These priests who are ordained to participate in Christ's Priesthood in a unique way empower the rest of the Mystical BodyThose who receive the sacrament of holy orders devote themselves to the study of God's Word so that we who are incorporated into the priesthood of Christ by baptism might ponder the truth of who we are and remember the great dignity to which we are called.  They are empowered to perform sacred rites and confer sacraments - visible signs of God's grace - so that the rest of the Body might behold the wonders of the Lord and exercise our gifts in worship of the Father and in service to one another.  In this way, the prayer of the priest empowers the prayer of the whole Church.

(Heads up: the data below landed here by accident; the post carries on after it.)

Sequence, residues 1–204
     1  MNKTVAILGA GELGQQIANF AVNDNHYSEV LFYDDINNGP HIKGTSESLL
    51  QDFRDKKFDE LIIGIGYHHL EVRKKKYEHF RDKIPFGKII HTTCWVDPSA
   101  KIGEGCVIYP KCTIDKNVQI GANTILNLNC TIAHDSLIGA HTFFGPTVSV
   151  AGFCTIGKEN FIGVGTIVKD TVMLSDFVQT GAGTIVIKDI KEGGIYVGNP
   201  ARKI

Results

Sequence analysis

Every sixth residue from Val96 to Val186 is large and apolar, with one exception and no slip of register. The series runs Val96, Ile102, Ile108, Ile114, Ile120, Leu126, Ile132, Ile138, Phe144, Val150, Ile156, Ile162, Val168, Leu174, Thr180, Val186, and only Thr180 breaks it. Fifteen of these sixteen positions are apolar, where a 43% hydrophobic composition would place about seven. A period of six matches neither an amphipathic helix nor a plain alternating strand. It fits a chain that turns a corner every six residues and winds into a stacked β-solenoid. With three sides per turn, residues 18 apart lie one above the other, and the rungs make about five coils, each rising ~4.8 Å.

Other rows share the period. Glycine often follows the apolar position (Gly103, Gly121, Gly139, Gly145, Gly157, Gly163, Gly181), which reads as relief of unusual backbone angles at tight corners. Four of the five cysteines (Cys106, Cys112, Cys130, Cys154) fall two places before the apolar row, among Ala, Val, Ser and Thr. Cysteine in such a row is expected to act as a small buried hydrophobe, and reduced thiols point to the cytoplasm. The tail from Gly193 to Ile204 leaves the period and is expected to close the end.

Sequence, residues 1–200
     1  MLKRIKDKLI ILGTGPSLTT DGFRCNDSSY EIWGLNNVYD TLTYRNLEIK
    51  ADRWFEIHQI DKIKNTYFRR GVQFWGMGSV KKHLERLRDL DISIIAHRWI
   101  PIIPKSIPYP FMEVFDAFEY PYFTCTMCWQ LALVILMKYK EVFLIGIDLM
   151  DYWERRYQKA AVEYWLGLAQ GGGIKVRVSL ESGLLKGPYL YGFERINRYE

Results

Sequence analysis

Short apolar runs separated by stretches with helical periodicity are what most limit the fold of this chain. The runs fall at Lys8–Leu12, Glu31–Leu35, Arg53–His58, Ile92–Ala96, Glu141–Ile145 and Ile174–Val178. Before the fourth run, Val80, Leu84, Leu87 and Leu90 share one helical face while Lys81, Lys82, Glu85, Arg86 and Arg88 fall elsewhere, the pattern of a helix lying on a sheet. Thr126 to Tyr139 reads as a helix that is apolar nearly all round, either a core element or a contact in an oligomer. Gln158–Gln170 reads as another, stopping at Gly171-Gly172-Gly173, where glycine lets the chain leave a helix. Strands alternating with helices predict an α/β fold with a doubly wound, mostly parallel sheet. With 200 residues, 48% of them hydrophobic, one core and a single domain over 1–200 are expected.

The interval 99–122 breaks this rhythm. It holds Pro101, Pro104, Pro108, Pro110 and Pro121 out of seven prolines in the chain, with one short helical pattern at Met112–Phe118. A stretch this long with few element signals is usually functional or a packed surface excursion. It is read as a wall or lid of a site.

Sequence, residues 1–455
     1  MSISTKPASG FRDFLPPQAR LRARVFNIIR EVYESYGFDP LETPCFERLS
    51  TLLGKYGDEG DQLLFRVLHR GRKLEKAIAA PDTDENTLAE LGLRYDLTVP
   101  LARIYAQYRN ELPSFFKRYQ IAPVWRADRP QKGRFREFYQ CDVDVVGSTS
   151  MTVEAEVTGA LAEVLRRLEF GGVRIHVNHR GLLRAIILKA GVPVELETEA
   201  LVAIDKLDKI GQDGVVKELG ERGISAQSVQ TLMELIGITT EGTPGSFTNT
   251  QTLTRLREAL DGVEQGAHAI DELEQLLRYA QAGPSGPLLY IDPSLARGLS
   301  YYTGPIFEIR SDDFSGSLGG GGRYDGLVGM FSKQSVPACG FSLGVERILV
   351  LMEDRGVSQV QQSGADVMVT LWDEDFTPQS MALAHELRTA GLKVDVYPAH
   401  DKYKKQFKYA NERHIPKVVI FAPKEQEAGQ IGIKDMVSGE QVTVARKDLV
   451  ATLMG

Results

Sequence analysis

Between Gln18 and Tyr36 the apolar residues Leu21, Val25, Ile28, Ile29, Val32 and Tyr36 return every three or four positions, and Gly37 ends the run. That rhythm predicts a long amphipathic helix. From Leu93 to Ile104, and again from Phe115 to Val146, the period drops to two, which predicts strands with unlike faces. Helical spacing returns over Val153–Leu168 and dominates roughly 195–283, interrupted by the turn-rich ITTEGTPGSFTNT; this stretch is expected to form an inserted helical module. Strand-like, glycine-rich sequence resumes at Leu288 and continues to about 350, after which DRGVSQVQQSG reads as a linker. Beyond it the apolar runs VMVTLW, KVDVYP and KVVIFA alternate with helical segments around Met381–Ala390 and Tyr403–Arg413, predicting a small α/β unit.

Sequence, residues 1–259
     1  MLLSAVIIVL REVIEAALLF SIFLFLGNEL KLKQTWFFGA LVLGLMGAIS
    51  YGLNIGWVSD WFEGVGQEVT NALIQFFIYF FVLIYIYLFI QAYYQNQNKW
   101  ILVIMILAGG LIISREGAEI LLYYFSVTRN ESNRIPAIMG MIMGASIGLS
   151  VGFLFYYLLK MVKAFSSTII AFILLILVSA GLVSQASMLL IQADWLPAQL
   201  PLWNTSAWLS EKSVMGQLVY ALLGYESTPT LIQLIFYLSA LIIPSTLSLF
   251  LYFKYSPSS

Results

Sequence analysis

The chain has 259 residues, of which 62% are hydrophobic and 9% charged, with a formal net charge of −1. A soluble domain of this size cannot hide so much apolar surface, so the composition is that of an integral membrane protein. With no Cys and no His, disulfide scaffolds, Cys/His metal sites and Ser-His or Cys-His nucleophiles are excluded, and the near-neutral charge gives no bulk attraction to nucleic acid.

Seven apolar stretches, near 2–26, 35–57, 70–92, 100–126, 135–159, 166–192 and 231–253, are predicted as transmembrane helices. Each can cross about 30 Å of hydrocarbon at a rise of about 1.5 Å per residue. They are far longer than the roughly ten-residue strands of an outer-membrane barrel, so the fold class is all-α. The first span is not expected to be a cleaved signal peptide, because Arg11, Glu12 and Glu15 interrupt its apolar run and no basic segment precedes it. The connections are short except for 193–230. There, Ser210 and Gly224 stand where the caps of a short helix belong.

September 18, 2019

Mary, Mother of the Messiah, Protection of Families

Mary is ready to protect the heart of our homes. As would the mother of an earthly king, the Mother of the Messiah is solicitous for the kingdom of her Son - his reign in our families. Just as she kept in her heart the grace of Nazareth, Mary is the safe guard of the grace of every Christian family. Her maternal protection over these spiritual riches is why she has a very special place in the life of the family. What is more, the way she safeguards our families is through all the treasures that Christ has given her - from this inexhaustible treasury, she wants to share with us. Those beautiful memories that she ponders of Him are transformative of our whole human existence when we welcome her into our life of faith.